Paul Lachine

La regolamentazione è davvero in vendita?

LONDRA – I rapporti tra le banche londinesi e i regolatori non sono proprio affettuosi in questo momento. Le ultime regole sui bonus emesse dal Comitato europeo di vigilanza (Committe of European Banking Supervisors, che presto si tramuterà in European Banking Authority) hanno ferito le anime sensibili dei banchieri. In futuro, il 70% dei loro bonus dovranno essere dilazionati. Vi immaginate come sarebbe vivere con soli 3 milioni di dollari all’anno, in attesa di altri 7 milioni, che saranno pagati solo se gli utili risulteranno reali? Si tratta di un cambiamento drastico.

Eppure, nei racconti della crisi finanziaria non manca mai la cosiddetta “cattura dei regolatori”, ossia l’influenza degli intermediari finanziari sull’attività legislativa e regolamentare. Will Hutton, un preminente giornalista britannico, ha descritto la Financial Services Authority, l’autorità di vigilanza britannica che ho presieduto dal 1997 al 2003 (anno in cui le cose hanno cominciato ad andare male!), come un’associazione commerciale per il settore finanziario. Sono state avanzate critiche ancor più feroci nei confronti dei regolatori americani – e, a dire il vero, anche nei confronti del Congresso – accusati di essere immanicati con banche di investimento, con hedge fund e con chiunque disponga di grandi quantità di denaro da investire su Capitol Hill.

Quanto è plausibile tale argomento? La regolamentazione si può davvero comprare?

To continue reading, please log in or enter your email address.

Registration is quick and easy and requires only your email address. If you already have an account with us, please log in. Or subscribe now for unlimited access.


Log in;
  1. Sean Gallup/Getty Images

    Angela Merkel’s Endgame?

    The collapse of coalition negotiations has left German Chancellor Angela Merkel facing a stark choice between forming a minority government or calling for a new election. But would a minority government necessarily be as bad as Germans have traditionally thought?

  2. Trump Trade speech Bill Pugliano/Getty Images .

    Preparing for the Trump Trade Wars

    In the first 11 months of his presidency, Donald Trump has failed to back up his words – or tweets – with action on a variety of fronts. But the rest of the world's governments, and particularly those in Asia and Europe, would be mistaken to assume that he won't follow through on his promised "America First" trade agenda.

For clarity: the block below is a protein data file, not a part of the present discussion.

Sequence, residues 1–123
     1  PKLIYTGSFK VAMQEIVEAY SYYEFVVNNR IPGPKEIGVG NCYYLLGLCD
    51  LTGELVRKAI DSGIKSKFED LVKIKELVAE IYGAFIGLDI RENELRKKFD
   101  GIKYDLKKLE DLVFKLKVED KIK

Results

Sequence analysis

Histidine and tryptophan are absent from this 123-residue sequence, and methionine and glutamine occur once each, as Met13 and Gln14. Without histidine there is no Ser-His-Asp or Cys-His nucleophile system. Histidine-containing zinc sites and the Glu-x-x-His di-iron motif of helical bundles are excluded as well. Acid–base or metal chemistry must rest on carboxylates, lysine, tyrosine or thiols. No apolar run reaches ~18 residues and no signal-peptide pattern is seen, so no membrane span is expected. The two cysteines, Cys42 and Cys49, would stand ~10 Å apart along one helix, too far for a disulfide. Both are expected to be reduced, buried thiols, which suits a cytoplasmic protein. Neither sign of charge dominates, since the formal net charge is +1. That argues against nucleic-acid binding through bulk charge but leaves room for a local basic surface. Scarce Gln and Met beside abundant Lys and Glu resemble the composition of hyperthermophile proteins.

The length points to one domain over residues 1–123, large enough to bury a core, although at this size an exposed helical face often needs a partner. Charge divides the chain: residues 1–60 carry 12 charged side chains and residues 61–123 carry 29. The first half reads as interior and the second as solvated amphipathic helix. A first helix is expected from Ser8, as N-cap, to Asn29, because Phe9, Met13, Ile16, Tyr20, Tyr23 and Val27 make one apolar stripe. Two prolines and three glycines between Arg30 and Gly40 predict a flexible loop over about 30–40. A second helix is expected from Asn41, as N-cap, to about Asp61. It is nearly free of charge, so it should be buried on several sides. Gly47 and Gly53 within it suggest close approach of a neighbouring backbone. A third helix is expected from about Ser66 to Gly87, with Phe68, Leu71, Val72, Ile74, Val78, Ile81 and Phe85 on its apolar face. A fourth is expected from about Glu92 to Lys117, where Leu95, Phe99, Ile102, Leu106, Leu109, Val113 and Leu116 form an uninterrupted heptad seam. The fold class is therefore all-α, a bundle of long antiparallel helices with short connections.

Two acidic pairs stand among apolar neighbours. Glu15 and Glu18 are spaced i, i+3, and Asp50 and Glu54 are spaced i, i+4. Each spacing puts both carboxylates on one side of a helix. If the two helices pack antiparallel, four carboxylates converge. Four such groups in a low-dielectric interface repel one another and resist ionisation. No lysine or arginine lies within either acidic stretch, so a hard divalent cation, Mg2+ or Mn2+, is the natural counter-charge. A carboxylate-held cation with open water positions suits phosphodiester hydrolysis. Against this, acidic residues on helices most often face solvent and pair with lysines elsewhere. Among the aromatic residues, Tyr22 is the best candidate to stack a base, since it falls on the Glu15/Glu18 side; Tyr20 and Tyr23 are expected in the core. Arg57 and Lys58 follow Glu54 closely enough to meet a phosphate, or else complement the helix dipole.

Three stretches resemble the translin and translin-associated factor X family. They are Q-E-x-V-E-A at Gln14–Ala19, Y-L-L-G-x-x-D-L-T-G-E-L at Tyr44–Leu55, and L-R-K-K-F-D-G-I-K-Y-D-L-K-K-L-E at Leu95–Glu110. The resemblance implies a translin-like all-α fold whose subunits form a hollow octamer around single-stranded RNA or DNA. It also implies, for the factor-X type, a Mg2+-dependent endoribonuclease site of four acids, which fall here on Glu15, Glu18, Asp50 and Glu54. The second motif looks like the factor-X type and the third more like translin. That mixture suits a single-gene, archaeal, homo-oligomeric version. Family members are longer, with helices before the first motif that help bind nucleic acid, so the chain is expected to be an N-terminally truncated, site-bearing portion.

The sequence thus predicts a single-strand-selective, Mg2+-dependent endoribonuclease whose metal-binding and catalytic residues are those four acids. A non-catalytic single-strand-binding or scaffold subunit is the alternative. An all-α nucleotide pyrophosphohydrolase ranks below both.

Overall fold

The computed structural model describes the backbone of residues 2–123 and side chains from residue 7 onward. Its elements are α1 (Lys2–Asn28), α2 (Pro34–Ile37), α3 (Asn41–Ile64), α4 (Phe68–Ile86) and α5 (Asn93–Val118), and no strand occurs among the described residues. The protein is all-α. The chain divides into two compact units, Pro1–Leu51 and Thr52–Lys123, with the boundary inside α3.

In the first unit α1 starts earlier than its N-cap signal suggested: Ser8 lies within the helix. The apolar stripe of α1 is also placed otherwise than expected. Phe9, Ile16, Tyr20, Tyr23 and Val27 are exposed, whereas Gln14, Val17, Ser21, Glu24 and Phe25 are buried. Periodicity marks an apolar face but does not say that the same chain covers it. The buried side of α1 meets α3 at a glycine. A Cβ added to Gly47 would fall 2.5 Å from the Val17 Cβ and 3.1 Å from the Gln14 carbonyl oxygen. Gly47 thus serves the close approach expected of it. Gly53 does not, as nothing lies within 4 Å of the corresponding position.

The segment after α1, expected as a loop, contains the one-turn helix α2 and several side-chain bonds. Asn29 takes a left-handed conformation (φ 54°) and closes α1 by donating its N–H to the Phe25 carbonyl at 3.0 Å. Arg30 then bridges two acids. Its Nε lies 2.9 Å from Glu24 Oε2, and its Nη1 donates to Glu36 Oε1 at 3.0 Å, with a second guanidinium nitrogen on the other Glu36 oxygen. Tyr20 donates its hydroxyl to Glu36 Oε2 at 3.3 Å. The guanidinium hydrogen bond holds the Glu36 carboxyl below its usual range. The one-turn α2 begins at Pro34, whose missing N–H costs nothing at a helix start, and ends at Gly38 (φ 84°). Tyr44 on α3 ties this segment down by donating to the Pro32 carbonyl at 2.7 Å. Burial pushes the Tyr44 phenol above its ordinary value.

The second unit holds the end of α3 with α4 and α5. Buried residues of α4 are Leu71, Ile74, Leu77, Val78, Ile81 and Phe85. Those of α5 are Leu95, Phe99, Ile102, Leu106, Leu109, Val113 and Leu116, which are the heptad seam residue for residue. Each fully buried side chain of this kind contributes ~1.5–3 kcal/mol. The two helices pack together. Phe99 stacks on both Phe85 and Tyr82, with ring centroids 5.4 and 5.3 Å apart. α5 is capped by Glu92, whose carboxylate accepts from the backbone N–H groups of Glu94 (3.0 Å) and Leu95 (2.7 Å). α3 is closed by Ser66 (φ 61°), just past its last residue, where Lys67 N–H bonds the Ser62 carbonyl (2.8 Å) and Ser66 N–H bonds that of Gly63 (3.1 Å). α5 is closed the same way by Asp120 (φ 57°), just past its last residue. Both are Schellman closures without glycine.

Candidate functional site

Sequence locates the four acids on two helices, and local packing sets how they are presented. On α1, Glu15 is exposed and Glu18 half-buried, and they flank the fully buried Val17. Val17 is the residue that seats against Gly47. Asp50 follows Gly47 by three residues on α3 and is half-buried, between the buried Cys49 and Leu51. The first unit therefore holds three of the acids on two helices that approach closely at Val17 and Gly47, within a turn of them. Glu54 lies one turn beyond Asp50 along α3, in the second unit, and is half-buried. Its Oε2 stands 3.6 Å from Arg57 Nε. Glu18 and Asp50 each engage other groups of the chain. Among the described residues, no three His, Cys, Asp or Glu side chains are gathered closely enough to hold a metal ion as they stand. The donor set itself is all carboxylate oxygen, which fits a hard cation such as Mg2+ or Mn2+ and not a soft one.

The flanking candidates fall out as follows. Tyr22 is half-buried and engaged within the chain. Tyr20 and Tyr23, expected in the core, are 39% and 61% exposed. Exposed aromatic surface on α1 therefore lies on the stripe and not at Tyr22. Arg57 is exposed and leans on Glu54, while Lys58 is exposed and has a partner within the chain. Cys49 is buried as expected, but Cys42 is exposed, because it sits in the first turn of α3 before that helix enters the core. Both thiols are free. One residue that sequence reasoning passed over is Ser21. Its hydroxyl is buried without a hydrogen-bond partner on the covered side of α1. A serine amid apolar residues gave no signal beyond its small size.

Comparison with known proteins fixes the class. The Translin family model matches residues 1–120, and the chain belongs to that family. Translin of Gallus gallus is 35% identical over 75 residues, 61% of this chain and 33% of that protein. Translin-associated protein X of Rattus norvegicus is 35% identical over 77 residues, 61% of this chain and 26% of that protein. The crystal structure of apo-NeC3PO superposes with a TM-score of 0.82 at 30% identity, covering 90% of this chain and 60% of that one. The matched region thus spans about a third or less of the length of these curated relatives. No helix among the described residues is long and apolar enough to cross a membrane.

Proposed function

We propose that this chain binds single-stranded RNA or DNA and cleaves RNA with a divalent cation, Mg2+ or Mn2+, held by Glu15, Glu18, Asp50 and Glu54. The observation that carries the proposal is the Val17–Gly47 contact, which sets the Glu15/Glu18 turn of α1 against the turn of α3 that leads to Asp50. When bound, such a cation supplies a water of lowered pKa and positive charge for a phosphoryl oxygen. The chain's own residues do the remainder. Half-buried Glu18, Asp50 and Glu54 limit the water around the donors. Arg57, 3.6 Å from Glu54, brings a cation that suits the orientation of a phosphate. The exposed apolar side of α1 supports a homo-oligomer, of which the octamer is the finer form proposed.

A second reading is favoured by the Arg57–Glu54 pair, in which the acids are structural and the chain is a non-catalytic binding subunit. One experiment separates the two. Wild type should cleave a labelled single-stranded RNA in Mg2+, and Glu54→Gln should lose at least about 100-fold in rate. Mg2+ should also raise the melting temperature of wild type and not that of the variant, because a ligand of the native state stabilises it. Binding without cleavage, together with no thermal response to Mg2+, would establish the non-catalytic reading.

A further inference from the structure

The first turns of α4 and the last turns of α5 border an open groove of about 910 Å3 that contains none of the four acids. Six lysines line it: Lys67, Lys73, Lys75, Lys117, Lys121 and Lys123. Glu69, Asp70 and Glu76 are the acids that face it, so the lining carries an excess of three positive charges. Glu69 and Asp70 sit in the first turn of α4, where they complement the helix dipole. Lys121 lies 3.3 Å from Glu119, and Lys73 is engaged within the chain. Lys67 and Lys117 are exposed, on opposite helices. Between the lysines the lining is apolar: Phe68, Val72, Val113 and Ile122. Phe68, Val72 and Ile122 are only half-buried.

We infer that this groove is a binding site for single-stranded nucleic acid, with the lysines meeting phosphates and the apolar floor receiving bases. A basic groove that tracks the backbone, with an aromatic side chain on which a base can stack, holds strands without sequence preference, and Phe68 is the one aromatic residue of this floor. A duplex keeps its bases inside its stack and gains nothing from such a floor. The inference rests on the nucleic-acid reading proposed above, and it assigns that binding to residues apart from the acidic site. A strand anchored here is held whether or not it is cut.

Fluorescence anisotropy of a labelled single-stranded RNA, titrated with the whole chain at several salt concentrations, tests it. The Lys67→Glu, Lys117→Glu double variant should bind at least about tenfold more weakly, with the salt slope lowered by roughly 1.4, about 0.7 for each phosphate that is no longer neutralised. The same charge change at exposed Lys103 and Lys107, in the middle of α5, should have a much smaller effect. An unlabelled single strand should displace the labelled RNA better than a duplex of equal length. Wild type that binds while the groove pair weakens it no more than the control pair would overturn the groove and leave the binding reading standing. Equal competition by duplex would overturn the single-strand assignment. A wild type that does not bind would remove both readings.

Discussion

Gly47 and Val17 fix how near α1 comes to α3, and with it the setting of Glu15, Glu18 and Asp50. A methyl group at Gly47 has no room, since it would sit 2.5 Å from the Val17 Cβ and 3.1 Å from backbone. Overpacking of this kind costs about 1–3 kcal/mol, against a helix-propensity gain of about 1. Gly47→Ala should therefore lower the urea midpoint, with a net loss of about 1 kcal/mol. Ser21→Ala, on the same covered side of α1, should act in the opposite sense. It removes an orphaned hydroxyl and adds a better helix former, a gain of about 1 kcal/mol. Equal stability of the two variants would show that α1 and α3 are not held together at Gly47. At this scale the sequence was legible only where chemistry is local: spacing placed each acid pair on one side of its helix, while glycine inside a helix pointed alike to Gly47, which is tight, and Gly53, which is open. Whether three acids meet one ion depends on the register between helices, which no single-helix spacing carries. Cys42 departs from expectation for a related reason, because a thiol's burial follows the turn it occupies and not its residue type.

3. A GrabBike rider uses his mobile phone Bay Ismoyo/Getty Images

    The Platform Economy

    While developed countries in Europe, North America, and Asia are rapidly aging, emerging economies are predominantly youthful. Nigerian, Indonesian, and Vietnamese young people will shape global work trends at an increasingly rapid pace, bringing to bear their experience in dynamic informal markets on a tech-enabled gig economy.

  4. Trump Mario Tama/Getty Images

    Profiles in Discouragement

    One day, the United States will turn the page on Donald Trump. But, as Americans prepare to observe their Thanksgiving holiday, they should reflect that their country's culture and global standing will never recover fully from the wounds that his presidency is inflicting on them.

  5. Mugabe kisses Grace JEKESAI NJIKIZANA/AFP/Getty Images

    How Women Shape Coups

    In Zimbabwe, as in all coups, much behind-the-scenes plotting continues to take place in the aftermath of the military's overthrow of President Robert Mugabe. But who the eventual winners and losers are may depend, among other things, on the gender of the plotters.

  6. Oil barrels Ahmad Al-Rubaye/Getty Images

    The Abnormality of Oil

    At the 2017 Abu Dhabi Petroleum Exhibition and Conference, the consensus among industry executives was that oil prices will still be around $60 per barrel in November 2018. But there is evidence to suggest that the uptick in global growth and developments in Saudi Arabia will push the price as high as $80 in the meantime.

  7. Israeli soldier Menahem Kahana/Getty Images

    The Saudi Prince’s Dangerous War Games

    Saudi Arabia’s Crown Prince Mohammed bin Salman is working hard to consolidate power and establish his country as the Middle East’s only hegemon. But his efforts – which include an attempt to trigger a war between Israel and Hezbollah in Lebanon – increasingly look like the work of an immature gambler.